By Madelyn Alexander
After three years of dormancy, the anagama kiln at the University of Montevallo roared to life once again on April 12, 2022. This 40-foot-long, traditional Japanese wood-fired kiln is affectionately nicknamed “Fat Bastard.” The kiln glowed for four days under the care of Professor Scott Meyer, along with some of his undergraduate students, some former students and several guest artists from around the country.
This year’s firing was dedicated to Meyer’s mother, Poppy, who passed away in April 2021. Meyer says she was an integral part of the crew building the kiln.
“I have mental pictures of her, you know, with a wheelbarrow full of gravel,” said Meyer.
He spoke about his mother at the lighting ceremony, standing alongside photos of them together. One of the photos shows them laying the first brick of the kiln together.
Meyer began researching and building the kiln in 1999, and it fired for the first time in 2002. Part of his research included visiting other anagama kilns for guidance in building his own. He worked on the kiln while also trying to be a full time artist and professor.
The firing of the kiln required 14 cords of wood, a cord being about 128 cubic feet, or between 2000 and 3000 pounds. Meyer and his students began cutting wood in September 2021.
Meyer said, in regard to the hard work that goes into the firing process, “It’s a lot of faith that goes into something like this.”
The last firing
Prior to this year’s firing, the anagama kiln had not been used since 2018 due to a fire in 2019 that destroyed the canopy over the kiln site. Before the fire, the kiln was used once or twice a year.
Meyer says the three years it went without being used provided a variable in this year’s firing. The kiln had been exposed to rain for the first time while it was uncovered, which Meyer says created questions about how the temperature and humidity of the kiln would affect the work inside.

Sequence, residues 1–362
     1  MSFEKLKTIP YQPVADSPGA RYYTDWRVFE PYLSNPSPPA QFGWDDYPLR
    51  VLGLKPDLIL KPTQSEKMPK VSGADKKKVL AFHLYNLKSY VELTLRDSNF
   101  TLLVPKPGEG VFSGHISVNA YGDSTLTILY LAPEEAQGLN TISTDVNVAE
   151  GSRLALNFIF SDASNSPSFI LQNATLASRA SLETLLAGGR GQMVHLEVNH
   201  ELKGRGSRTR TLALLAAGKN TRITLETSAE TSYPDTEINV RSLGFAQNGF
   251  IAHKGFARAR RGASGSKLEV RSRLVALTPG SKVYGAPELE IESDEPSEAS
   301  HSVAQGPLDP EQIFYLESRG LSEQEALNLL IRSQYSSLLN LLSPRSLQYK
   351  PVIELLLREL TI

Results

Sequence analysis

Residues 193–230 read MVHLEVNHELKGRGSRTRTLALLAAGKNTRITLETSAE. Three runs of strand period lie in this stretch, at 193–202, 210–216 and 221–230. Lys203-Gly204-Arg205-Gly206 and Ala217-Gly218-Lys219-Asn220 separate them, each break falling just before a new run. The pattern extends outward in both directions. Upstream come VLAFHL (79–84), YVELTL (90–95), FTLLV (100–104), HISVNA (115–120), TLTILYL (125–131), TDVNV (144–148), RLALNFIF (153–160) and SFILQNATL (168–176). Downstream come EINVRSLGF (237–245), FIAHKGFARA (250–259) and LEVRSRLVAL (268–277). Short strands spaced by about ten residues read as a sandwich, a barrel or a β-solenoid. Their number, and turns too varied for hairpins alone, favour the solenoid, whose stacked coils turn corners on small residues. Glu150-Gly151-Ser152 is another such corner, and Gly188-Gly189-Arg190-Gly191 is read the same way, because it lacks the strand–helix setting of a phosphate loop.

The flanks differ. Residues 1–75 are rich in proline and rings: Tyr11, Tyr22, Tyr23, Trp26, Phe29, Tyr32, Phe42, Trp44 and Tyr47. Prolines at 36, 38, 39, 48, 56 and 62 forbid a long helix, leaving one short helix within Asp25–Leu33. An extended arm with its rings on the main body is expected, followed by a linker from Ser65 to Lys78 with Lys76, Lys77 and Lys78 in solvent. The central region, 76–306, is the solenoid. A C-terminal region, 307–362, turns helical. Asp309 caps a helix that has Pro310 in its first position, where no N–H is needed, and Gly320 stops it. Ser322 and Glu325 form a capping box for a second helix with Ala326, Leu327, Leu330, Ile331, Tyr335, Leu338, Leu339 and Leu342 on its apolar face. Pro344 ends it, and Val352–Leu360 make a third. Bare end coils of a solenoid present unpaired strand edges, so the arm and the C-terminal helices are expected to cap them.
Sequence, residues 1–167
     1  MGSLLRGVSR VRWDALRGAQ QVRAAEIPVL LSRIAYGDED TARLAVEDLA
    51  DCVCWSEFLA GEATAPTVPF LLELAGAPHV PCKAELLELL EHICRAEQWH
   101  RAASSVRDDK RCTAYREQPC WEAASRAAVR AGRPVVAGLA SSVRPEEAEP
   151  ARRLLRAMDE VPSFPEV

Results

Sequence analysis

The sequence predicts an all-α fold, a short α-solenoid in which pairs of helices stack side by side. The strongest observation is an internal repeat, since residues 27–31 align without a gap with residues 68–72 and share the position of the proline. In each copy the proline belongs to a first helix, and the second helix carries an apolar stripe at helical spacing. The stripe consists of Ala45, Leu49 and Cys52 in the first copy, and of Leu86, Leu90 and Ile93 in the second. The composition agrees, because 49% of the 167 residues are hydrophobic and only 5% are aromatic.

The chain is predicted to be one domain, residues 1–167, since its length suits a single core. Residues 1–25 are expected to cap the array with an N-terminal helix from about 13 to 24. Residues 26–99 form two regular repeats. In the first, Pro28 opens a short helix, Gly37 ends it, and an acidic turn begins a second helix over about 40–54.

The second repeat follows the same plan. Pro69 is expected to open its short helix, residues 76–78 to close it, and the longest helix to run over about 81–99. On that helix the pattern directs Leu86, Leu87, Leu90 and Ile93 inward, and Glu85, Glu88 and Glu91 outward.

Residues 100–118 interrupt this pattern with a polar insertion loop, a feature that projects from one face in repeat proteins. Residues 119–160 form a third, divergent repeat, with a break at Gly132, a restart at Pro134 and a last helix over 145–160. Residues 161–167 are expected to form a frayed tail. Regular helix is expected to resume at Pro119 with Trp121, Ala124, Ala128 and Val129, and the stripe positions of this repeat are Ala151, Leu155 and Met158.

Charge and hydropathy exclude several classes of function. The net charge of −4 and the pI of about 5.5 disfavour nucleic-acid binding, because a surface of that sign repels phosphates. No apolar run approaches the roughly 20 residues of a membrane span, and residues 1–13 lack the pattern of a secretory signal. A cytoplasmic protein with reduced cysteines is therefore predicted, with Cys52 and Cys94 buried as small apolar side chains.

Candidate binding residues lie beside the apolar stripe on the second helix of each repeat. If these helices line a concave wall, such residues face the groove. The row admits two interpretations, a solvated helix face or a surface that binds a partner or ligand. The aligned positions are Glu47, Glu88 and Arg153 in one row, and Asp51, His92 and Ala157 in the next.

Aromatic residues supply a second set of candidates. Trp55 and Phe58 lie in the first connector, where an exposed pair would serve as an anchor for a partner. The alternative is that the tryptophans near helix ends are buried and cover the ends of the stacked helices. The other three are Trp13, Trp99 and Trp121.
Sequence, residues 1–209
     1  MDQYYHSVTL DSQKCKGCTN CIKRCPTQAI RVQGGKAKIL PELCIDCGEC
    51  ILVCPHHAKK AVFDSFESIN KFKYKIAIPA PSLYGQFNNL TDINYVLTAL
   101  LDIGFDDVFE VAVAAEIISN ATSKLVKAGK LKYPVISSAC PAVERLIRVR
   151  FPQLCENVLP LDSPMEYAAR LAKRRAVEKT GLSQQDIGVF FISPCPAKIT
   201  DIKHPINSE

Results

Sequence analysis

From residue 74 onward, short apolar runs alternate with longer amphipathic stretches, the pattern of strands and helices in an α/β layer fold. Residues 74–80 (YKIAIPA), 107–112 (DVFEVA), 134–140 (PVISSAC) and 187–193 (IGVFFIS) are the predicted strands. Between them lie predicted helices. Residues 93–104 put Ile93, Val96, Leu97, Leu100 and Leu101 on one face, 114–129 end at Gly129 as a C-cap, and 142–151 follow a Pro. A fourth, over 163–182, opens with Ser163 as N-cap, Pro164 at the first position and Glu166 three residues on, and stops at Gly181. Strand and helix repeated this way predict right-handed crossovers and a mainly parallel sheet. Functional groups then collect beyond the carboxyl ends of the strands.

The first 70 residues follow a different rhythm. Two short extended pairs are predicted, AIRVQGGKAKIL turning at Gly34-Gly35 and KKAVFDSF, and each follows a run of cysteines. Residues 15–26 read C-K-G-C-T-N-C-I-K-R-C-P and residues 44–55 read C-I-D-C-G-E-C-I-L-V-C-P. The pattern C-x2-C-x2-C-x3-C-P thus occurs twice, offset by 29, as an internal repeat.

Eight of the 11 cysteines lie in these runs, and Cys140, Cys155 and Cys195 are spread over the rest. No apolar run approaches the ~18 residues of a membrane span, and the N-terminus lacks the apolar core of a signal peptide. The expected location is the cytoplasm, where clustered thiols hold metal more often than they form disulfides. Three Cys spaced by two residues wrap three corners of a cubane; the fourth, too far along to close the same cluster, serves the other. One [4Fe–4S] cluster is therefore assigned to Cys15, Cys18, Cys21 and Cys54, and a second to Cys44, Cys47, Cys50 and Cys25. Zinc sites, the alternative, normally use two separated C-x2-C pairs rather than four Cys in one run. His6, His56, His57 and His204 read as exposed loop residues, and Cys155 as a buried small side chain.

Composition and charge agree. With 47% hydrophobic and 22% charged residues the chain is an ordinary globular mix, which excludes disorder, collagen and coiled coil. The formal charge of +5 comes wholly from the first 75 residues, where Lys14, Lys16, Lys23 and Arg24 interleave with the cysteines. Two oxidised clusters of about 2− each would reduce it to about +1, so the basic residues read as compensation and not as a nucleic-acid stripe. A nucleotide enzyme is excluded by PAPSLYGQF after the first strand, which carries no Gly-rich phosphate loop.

The firing process
For 100 continuous hours, the kiln was not left unattended. Current students, traveling artists, former students and Meyer took shifts watching the kiln for four hours at a time. Over the course of the firing, the temperature inside the kiln climbed to over 2,500 degrees Fahrenheit.
Each day, the shifts became more demanding, requiring more wood and more frequent stoking.
In the beginning, wood was loaded only into the front of the kiln, slowly heating up an area called the fire box. As that progressed, “side stoking” became necessary to move heat through the back of the kiln.
By the third day of the firing, the kiln was being loaded every three to five minutes from both sides and the front to maintain temperature. This required crews of four to six people to run smoothly.
The heat was not limited to the confines of the kiln. Every time the fire had to be stoked, the crew suited up to face the burning heat. Heat-resistant Kevlar gloves, leather welding jackets, face shields and, in some instances, even a second pair of gloves were necessary.
Committing time and effort to such a process might not be appealing to everyone, but to undergraduate student, Courtney Keeler, it was well worth it.
“Yes it was a lot of work, but it was a fun experience,” Keeler said. “We got to make new connections and new friends, and also the way the pieces are going to turn out is going to be really cool.”
At the end of the firing, the kiln was sealed up to prevent the inside from cooling too quickly, which could cause the work to crack. The kiln will stay that way for a week before being unloaded on Saturday, April 23 at 10 a.m.
See Josie Shaw’s video of the unloading here.